Turning and turning in the widening gyre
The falcon cannot hear the falconer;
Things fall apart; the center cannot hold;
Mere anarchy is loosed upon the world.
—W. B. Yeats, “The Second Coming”
Among the Igbo . . . proverbs are the palm-oil with which words are eaten.
Okonkwo is a wealthy and respected warrior of the Umuofia clan, a lower Nigerian tribe that is part of a consortium of nine connected villages, including Okonkwo’s village, Iguedo. In his youth, he brought honor to his village by beating Amalinze the Cat in a wrestling contest. Until his match with Okonkwo, the Cat had been undefeated for seven years. Okonkwo is completely unlike his now deceased father, Unoka, who feared the sight of blood and was always borrowing and losing money, which meant that his wife and children often went hungry. Unoka was, however, a skilled flute player and had a gift for, and love of, language.
One night, the town crier rings the ogene, or gong, and requests that all of the clansmen gather in the market in the morning. At the gathering, Ogbuefi Ezeugo, a noted orator, announces that someone from the village of Mbaino murdered the wife of an Umuofia tribesman while she was in their market. The crowd expresses anger and indignation, and Okonkwo travels to Mbaino to deliver the message that they must hand over to Umuofia a virgin and a young man. Should Mbaino refuse to do so, the two villages must go to war, and Umuofia has a fierce reputation for its skill in war and magic. Okonkwo is chosen to represent his clan because he is its fiercest warrior.
Earlier in the chapter, as he remembers his past victories, we learn about the five human heads that he has taken in battle. On important occasions, he drinks palm-wine from the first head that he captured. Not surprisingly, Mbaino agrees to Umuofia’s terms. The elders give the virgin to Ogbuefi Udo as his wife but are not sure what to do with the fifteen-year-old boy, Ikemefuna. The elders decide to turn him over to Okonkwo for safekeeping and instruction. Okonkwo, in turn, instructs his first wife to care for Ikemefuna.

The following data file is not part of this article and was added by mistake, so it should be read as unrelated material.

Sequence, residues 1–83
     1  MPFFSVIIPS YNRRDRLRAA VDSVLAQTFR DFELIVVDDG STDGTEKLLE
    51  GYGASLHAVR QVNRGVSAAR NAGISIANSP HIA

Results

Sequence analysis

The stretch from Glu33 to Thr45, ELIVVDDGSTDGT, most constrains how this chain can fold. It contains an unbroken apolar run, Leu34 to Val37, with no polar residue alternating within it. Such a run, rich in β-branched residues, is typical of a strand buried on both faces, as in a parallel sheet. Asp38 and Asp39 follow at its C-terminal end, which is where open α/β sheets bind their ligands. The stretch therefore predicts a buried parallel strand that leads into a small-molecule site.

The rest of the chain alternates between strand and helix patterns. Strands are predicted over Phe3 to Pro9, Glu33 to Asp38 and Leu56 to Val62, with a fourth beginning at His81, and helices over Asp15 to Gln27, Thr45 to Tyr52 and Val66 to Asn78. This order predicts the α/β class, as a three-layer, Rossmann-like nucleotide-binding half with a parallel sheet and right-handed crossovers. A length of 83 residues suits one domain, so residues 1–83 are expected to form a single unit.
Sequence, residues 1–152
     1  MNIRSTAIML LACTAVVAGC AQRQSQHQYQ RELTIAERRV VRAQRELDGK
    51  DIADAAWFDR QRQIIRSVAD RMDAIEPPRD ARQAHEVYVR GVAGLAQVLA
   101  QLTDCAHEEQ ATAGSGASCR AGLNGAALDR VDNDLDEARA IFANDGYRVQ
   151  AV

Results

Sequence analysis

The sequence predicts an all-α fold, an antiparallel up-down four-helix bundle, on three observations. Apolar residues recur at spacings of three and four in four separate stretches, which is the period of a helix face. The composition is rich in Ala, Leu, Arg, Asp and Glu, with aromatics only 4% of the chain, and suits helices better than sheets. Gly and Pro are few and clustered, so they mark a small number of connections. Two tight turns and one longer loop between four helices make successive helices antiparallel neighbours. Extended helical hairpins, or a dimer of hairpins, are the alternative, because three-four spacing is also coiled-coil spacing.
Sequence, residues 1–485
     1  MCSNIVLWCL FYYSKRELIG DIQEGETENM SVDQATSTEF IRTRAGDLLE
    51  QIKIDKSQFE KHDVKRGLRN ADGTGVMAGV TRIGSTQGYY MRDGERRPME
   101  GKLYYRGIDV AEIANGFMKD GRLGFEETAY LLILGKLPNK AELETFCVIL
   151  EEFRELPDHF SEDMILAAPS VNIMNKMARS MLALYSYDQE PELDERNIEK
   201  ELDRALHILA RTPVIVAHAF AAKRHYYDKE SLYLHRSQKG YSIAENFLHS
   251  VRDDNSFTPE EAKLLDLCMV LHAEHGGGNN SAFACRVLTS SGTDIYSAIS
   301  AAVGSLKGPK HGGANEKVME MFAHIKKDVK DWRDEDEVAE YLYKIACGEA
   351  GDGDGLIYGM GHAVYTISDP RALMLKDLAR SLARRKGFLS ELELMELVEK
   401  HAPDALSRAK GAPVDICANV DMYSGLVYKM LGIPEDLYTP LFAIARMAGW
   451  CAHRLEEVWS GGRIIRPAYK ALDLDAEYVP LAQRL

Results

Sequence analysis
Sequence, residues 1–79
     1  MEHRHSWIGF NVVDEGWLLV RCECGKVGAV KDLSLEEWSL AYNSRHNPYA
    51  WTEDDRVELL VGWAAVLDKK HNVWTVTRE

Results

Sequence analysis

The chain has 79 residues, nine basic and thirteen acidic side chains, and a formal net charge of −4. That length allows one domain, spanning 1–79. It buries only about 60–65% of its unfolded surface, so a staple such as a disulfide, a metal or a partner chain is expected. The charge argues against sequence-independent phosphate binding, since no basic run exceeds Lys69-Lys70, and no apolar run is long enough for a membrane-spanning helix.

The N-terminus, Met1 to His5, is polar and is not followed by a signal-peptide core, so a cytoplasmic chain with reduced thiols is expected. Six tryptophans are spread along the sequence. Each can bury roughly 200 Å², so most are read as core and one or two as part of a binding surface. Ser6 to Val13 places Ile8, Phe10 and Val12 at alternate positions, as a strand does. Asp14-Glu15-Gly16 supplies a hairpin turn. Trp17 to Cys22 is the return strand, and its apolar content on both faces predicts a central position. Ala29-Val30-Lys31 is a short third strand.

In addition to being a skilled warrior, Okonkwo is quite wealthy. He supports three wives and eight children, and each wife has her own hut. Okonkwo also has a barn full of yams, a shrine for his ancestors, and his own hut, called an obi.
Okonkwo fears weakness, a trait that he associates with his father and with women. When Okonkwo was a child, another boy called Unoka agbala, which is used to refer to women as well as to men who have not taken a title. Because he dreads weakness, Okonkwo is extremely demanding of his family. He finds his twelve-year-old son, Nwoye, to be lazy, so he beats and nags the boy constantly.
Okonkwo built his fortune alone as a sharecropper because Unoka was never able to have a successful harvest. When he visited the Oracle, Unoka was told that he failed because of his laziness. Ill-fated, Unoka died of a shameful illness, “swelling which was an abomination to the earth goddess.” Those suffering from swelling stomachs and limbs are left in the Evil Forest to die so that they do not offend the earth by being buried. Unoka never held any of the community’s four prestigious titles (because they must be paid for), and he left numerous debts unpaid.
As a result, Okonkwo cannot count on Unoka’s help in building his own wealth and in constructing his obi. What’s more, he has to work hard to make up for his father’s negative strikes against him. Okonkwo succeeds in exceeding all the other clansmen as a warrior, a farmer, and a family provider. He begins by asking a wealthy clansman, Nwakibie, to give him 400 seed yams to start a farm. Because Nwakibie admired Okonkwo’s hard-working nature, he gave him eight hundred. One of Unoka’s friends gave him another four hundred, but because of horrible droughts and relentless downpours, Okonkwo could keep only one third of the harvest.